Traveling, Cooking, Reading, and Trains

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July 14-19 2016

We have driven between Portland and Chicago many times via many routes: Wyoming and Nebraska, Minnesota through South Dakota and Montana, Minnesota and North Dakota, well you get the picture – we’ve seen plenty of the northern Great Plains. We wanted to try something different this time, even if it added some miles to the trip; after a little investigating we decided to head south then through Kansas and Colorado.

The Road Home

The Road Home

We wanted to maximize our time with the kids so we spent most of the day with them before leaving; that meant our first night wouldn’t be too far way. We chose Springfield, Illinois; three or four hours south of Chicago. Carla loves Springfield because it was the home of President Abraham Lincoln. If we have time we walk through the old part of town which includes the Lincoln house. We walked around downtown in the evening and found a nice restaurant where we had a small dinner featuring heirloom tomatoes with fresh mozzarella cheese and olive oil. While out on our walk we passed the site of the  the local farmers’ market – too bad it was closed.

Farmer's Market in Springfield, IL

Farmer’s Market in Springfield, IL

The next morning we turned west onto US Highway 36 through northern Missouri and into Kansas. This is a great highway; because it isn’t part of the interstate system we didn’t have to contend with a lot of semi-trucks; nevertheless, it was a great divided highway. Our stop for the night was Salina, Kansas which is above Wichita, just about in the center of the state. It was windy – when we pulled into town to get gas we could barely open our car doors against the wind! At the hotel we asked if there was a risk of tornados; there wasn’t a risk as the tornado season passed. The desk clerk did hand us a map of Kansas with the counties on the front and a list of radio stations on the back. She showed us which county we were in (Saline) and told us what to pay attention to if there was a weather warning. Like the desert I grew up in, the wind died down as the sun went down. We went into town for a movie (Mike and Dave Need Wedding Dates – funny)  and dinner. The movie was pretty funny – but not as funny as Ghost Busters which we saw earlier. We got back to our hotel around sunset and I grabbed a few photos from the parking lot.

Kansas prairie in Salina

Kansas prairie in Salina, KS

Sunset on the Kansas prairie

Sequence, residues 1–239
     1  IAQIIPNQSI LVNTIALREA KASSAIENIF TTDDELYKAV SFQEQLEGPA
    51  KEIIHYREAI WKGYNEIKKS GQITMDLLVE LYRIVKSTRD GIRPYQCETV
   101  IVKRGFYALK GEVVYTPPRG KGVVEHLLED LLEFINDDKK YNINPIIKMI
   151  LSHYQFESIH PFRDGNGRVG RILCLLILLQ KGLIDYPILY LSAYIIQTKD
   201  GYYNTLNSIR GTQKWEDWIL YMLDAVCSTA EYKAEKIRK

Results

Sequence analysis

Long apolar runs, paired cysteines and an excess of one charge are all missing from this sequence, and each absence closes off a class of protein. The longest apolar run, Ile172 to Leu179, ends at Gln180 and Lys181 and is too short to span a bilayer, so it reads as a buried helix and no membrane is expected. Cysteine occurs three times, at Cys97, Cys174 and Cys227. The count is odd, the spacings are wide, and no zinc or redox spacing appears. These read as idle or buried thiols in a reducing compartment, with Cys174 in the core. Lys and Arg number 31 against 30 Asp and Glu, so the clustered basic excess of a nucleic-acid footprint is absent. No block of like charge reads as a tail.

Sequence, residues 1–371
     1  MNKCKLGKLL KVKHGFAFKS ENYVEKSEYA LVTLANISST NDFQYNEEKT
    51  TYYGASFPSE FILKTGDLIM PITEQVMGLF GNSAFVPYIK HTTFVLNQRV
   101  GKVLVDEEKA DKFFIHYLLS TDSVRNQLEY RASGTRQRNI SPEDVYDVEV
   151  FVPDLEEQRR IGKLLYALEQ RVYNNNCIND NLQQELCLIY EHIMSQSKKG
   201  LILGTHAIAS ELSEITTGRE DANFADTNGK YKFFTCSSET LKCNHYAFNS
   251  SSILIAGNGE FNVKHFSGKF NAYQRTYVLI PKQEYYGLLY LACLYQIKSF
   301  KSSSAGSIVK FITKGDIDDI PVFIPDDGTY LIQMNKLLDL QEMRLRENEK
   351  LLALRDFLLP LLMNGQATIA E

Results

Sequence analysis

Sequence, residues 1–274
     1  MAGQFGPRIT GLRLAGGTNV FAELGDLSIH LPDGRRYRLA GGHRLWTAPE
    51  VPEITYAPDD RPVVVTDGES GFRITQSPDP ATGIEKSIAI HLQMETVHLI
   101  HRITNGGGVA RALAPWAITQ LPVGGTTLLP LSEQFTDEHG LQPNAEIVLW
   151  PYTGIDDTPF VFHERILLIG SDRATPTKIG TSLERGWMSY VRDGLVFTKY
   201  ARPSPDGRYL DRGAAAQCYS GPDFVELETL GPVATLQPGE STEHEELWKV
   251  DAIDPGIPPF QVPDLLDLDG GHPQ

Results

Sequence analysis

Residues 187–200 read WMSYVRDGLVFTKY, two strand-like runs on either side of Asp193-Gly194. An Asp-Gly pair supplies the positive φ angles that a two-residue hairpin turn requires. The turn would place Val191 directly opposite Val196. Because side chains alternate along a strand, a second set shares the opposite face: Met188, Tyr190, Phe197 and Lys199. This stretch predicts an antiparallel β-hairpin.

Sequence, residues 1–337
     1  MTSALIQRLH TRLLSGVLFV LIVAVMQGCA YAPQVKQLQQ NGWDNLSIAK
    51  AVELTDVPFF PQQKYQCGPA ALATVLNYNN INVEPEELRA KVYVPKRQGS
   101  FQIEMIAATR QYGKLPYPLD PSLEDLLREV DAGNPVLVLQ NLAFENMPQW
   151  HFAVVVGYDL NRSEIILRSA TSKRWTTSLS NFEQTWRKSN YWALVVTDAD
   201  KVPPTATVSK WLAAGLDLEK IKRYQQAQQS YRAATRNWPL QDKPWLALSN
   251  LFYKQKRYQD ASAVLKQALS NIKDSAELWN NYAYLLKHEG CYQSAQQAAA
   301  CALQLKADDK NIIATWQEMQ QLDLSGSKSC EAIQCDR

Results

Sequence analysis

Sunset on the Kansas prairie

On the other side of the parking lot was I70 which we would join in the morning.

A view of the next day's trip on I70 from our hotel parking lot in Salina, KS

A view of the next day’s trip on I70 from our hotel parking lot in Salina, KS

Although it was hard to discern, we gained a little elevation driving west – Salina is about 1,200 feet about sea level (gaining 600 feet from Illinois) – but it still looked like the plains.  I want to stick up for driving through the plains – which many people assume is extremely boring. Some folks think they hit Kansas or Nebraska and see nothing but corn on both sides of a flat road from border to border. While there is plenty of corn – there is so much more. There are plenty of little cuts and valleys with little hills; pasture land and great wide open spaces to take in. If you haven’t done it, I highly recommend it; if you have done it, you know what I’m saying!

We looked forward to seeing the Rocky Mountains the next day – a sure sign we were in the west, closer to home.  We steadily gained elevation all day on our drive into Colorado. As we got close to Denver we were a mile high (as the city’s nickname would suggest) but didn’t really see any mountains. Uh, until we got just outside of Denver – then we saw the MOUNTAINS – I think it is the Front Range. And they got bigger, and bigger, and bigger as we headed west. And we went up, and up, and up. We finally crested at 11,170 feet inside the Eisenhower Tunnel. The traffic was terrible – it being a Saturday – we just crawled up the mountain in bumper to bumper traffic for a couple of hours. Nevertheless, the views were awesome. (Sorry, I didn’t get pictures of the awesomeness!)